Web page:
Update: An exact formula for the area on a unit sphere with $x>a$, $y>b$ is $$A=\big(\frac 12-a-b\big)\pi + 2b\arctan(\frac ac)+2a\arctan(\frac bc)+\arctan(\frac{c^2-a^2 b^2}{2abc})$$ for positive $a$ and $b$ with $a^2+b^2<1$ and $c=\sqrt{1-a^2-b^2}$.

Finding this formula was difficult, requiring both some Mathematica and some guesswork for me. Fortunately we can verify it just by checking its values at endpoints and its changes in the middle.

In the limit as $a\rightarrow 0^+$, the last term goes to $\pi/2$, so this gives $A=(1-b)\pi$ and agrees with Archimedes's hatbox theorem. Similarly this is correct in the limit as $b\rightarrow 0^+$.

In the middle, $$\frac{d^2A}{da\ db}=\frac{2}{\sqrt{1-a^2-b^2}}=2\sqrt{1+f_x^2+f_y^2},$$ which is correctly twice the element of surface area for $f(x,y)=\sqrt{1-x^2-y^2}$, corresponding to the upper and lower hemispheres.

As an example, if $a=2/5$ and $b=3/4$, then $c=\sqrt{111}/20$ and $$A = \frac{-3\pi}{20} + \frac 45\arctan(\frac{15}{\sqrt{111}}) + \frac{3}{2}\arctan(\frac{8}{\sqrt{111}})-\arctan(\frac{4\sqrt{111}}{25}) \simeq .234333$$

  • $\begingroup$ interesting formulation(+1) $\endgroup$ – G Cab Feb 7 at 22:39
  • $\begingroup$ Thank you so much for your answer. I wish I could split the bounty between you and G Cab, but unfortunately that's not the case. I'm extremely grateful for you time and good work. I will study your answer detail, if for no other reason than that I just might learn something :) $\endgroup$ – Oskar Feb 8 at 15:47
  • $\begingroup$ I tried to make a nice closed form. Got as far as $\pi(1-a-b)-2 \sin ^{-1}\left(b \sqrt{\frac{1}{\left(1-a^2\right) \left(a^2+b^2\right)}}\right)+2 b \tan ^{-1}\left(\frac{a}{\sqrt{1-a^2-b^2}}\right)+2 a \tan ^{-1}\left(\frac{b}{\sqrt{1-a^2-b^2}}\right)+ i \left( \log(1-b^2) + \log(a^2+b^2)-2 \log\left(a+b\sqrt{a^2+b^2-1}\right)\right)$ (under condition $a\ge0,b\ge0,a^2+b^2<1$) $\endgroup$ – Paul Feb 8 at 16:24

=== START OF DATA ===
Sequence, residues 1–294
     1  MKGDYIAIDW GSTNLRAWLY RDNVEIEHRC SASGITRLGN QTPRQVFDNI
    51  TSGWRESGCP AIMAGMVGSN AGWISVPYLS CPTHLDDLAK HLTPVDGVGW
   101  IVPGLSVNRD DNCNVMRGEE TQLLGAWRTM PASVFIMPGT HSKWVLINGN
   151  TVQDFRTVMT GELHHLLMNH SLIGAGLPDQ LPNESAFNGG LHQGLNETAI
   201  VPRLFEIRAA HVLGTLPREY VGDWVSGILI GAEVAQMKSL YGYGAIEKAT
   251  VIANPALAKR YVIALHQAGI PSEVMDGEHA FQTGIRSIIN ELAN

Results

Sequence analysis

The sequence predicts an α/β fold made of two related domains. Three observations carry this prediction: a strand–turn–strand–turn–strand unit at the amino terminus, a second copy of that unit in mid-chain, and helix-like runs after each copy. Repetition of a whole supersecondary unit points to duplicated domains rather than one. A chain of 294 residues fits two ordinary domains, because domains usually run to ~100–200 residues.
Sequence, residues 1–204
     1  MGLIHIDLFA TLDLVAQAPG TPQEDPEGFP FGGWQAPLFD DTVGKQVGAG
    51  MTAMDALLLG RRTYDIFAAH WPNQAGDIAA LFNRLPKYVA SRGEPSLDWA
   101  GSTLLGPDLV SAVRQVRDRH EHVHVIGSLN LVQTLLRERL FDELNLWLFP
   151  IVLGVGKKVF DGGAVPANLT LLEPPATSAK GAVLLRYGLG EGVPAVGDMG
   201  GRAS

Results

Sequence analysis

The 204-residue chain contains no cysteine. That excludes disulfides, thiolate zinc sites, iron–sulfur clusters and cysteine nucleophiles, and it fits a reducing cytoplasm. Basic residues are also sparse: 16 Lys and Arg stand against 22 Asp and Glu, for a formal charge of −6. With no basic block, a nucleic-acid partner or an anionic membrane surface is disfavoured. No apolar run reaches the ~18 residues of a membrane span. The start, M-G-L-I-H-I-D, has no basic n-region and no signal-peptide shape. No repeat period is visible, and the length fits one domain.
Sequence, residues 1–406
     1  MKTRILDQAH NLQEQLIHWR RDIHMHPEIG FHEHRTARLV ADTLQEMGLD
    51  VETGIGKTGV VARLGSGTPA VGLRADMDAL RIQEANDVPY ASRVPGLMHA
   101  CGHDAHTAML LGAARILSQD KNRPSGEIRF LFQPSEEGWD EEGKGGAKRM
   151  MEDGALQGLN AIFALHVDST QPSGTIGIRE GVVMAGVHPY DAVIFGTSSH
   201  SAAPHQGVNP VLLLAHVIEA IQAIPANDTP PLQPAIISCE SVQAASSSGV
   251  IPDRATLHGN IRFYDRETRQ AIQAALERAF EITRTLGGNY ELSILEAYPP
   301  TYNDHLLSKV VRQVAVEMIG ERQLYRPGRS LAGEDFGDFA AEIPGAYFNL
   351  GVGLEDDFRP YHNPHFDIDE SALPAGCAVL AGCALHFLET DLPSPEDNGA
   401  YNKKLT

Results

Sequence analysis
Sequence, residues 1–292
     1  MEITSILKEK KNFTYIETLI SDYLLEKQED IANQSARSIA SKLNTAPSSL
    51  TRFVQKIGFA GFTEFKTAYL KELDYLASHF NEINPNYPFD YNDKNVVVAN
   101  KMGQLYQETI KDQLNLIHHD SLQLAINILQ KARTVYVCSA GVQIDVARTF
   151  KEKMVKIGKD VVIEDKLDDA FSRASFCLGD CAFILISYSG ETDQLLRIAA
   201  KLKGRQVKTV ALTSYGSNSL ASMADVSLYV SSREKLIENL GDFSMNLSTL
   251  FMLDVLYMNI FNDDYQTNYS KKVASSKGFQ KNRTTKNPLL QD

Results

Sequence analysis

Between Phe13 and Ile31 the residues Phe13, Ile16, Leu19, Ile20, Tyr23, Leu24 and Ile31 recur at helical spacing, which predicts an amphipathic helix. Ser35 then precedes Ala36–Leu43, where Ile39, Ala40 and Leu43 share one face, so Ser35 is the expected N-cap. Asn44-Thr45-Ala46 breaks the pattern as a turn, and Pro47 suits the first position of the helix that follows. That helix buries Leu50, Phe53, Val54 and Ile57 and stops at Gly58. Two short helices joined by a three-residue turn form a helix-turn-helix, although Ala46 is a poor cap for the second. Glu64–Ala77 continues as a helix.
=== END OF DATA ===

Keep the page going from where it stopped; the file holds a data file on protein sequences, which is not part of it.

• $\begingroup$ @Paul, I would only trust a formula where all the terms are real -- here $\sqrt{a^2+b^2-1}$ is imaginary, and its not obvious that the whole expression inside the big parenthesis is purely imaginary to cancel the $i$ outside. Ideally the formula should show symmetry in $a$ and $b$ too. $\endgroup$ – user210229 Feb 8 at 17:12
  • $\begingroup$ One reason it’s so hard to find the formula is that it’s singular on all three parts of the boundary region ($a=0, b=0, c=0$), and replacing $\arctan(x)$ with $\pi/2-\arctan(1/x)$ leads to a singularity on the interior curve with $ab=c$ instead. $\endgroup$ – user210229 Feb 9 at 17:32

Area of piece $P$ in $\mathbb{S}^2$ :

i) Recall Gauss-Bonnet Theorem : $$ \int_{\Omega}\ K +\int_{\partial \Omega}\ k_g = 2\pi \chi(\Omega)$$ where $k_g$ is a geodesic curvature.

ii) Geodesic curvature on the boundary cap : $C_z$ is a cap wrt $z=\delta$ so that $$( {\rm area}\ C_z)_{=2\pi \delta} +\int_{\partial C_z}\ k_g =2\pi$$

Remark - Cone : And there is a cone $T_z$ which is tangent to $\mathbb{S}^2$ along $\partial C_z$. Note that a central angle of $T_z$ is $2\pi(1-\delta )$.

iii) Define two orthogonal planes $z=\delta,\ y=-1+\varepsilon$ in $\mathbb{E}^3$. Assume that two planes cut $P$ from $\mathbb{S}^2$

For $\partial C_z$, we have a parametrization $$ c_z(t)= \sqrt{2\delta-\delta^2 }(\cos\ t,\sin\ t,0) +(0,0,1-\delta) $$

Similarly, for $\partial C_y$ we have $$ c_y(s)=\sqrt{2\varepsilon -\varepsilon^2 }(\cos\ s,0,\sin\ s) +(0,-1+\varepsilon ,0) $$

Find intersection between $c_z$ and $c_y$ : $$ \sin\ t_i= \frac{-1+\varepsilon }{\sqrt{2\delta -\delta^2 }},\ \pi<t_1<3\pi/2 <t_2<2\pi,$$

$$ \sin\ s_i = \frac{1-\delta}{\sqrt{2\varepsilon -\varepsilon^2}},\ 0<s_2<\pi/2<s_1<\pi $$

Along smooth arc in $\partial P$, the integral of geodesic curvature is $$ |t_1-t_2|(1-\delta) + |s_1-s_2|(1-\varepsilon ) \ (:=T)$$

iv) Consider angle between two tangents at intersection point :

$$ c_z'(t_2)=\sqrt{2\delta-\delta^2 }(-\sin\ t_2,\cos\ t_2,0) = ( \varepsilon -1 ,\sqrt{ 2\delta-\delta^2 -(1-\varepsilon)^2 } ,0) $$

$$ c_y'(s_2)=\sqrt{2\varepsilon -\varepsilon^2 }(-\sin\ s_2,0,\cos\ s_2) = (\delta-1,0,\sqrt{2\varepsilon- \varepsilon^2 -(1-\delta)^2}) $$

Hence angle $\theta$ between two vectors is $$ \cos\ \theta=\frac{(1-\varepsilon )(1-\delta )}{\sqrt{2\varepsilon - \varepsilon^2}\sqrt{2 \delta -\delta^2}} $$

Hence Gauss-Bonnet theorem implies that $${\rm area}\ P= 2\pi- 2\theta-T $$